The Farce of Little Tree
THE BOOK IS ABOUT
THE LESSONS FORREST
CARTER WAS TAUGHT
The readers were taught with "Little Tree" himself
Forrest learned about love:
That he would never be alone because of it (p.5)
That love and understanding were 2 sides of the same coin (p.38)
learned "the way" and other Cherokee beliefs (p.9)
learned to never let feelings take over sense (p.29)
Sharing makes a good thing multiply (p.57)
Words can mislead, but the intentions behind those words can say what they never could (p.79)
Life is short, but friendship makes it worthwhile (p.151)
The land was stolen from him, his home; but the Cherokee would not let the wagons steal his soul." (Chapter "To Know the Past")
Carter's words most spoke to the
people who would have most opposed
the political views of his old life.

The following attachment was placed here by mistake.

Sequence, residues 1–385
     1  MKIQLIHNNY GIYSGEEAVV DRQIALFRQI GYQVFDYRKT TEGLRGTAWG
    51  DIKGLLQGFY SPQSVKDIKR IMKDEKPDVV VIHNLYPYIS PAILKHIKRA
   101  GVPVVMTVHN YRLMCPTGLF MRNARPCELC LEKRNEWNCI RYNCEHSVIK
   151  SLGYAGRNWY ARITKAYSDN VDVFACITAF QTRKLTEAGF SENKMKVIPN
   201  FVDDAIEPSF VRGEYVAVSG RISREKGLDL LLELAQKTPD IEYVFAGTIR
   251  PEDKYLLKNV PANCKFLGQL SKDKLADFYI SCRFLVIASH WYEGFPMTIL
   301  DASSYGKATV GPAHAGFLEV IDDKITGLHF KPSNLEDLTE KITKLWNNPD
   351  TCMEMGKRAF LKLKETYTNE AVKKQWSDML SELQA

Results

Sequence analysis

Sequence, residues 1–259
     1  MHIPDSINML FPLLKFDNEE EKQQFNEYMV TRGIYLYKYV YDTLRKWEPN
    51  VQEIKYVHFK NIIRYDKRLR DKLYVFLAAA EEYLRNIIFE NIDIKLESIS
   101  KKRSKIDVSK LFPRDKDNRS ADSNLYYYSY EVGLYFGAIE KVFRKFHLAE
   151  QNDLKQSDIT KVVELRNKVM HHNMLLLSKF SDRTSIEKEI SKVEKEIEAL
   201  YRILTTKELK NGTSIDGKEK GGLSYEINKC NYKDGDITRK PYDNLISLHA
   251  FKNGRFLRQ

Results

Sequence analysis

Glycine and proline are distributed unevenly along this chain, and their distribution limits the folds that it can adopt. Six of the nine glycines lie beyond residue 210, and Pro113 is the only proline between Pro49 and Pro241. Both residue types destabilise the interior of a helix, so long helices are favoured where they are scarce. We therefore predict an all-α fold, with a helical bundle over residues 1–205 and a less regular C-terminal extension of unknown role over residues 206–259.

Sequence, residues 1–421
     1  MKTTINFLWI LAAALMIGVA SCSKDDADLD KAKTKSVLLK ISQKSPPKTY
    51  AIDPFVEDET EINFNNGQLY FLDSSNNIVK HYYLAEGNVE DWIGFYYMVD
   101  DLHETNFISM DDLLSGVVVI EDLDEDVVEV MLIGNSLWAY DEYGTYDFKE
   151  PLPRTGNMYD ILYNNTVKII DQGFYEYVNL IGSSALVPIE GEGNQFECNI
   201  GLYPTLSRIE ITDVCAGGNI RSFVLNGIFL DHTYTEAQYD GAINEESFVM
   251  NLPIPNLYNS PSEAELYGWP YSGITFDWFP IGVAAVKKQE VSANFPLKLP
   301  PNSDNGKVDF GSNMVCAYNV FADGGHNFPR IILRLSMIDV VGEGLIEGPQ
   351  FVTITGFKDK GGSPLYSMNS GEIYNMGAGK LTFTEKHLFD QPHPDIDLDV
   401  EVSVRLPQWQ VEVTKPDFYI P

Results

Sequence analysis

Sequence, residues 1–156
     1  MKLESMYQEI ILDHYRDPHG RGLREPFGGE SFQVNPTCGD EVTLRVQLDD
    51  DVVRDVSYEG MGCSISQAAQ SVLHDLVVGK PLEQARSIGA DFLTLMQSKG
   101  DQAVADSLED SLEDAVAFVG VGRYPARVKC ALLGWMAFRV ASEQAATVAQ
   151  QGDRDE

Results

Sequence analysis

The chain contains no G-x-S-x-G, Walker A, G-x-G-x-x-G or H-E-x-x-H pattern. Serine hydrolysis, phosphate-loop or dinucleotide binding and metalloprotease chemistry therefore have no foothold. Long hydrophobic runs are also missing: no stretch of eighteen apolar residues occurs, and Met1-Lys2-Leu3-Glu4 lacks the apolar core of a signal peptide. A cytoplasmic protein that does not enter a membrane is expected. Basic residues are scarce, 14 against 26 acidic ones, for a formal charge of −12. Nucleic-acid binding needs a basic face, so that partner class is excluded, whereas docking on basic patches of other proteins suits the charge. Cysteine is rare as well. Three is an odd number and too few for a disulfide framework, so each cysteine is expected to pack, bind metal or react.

Asa Earl Carter had an ulterior motive in writing his book, intending to belittle the Cherokee behind a venier of thematic wisdom that promoted love as the key to a fulfilled life, and conflicts between the Cherokee and others.
The themes in the book
are still applicable.
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FORT PAYNE, Ala. — On a high plateau in rural northeast Alabama sits a multimillion-dollar, state-of-the-art education complex. Campus, museum, community center, and event spot, Jacksonville State University’s Little River Canyon Center is becoming a destination for students, tourists, and regular local people. How this unlikely place came to be is a twenty-year story of politics, money, celebrity, and effort. But for this first of two reports, our Alabama reporter Dan Carsen focuses on what people are learning there right now: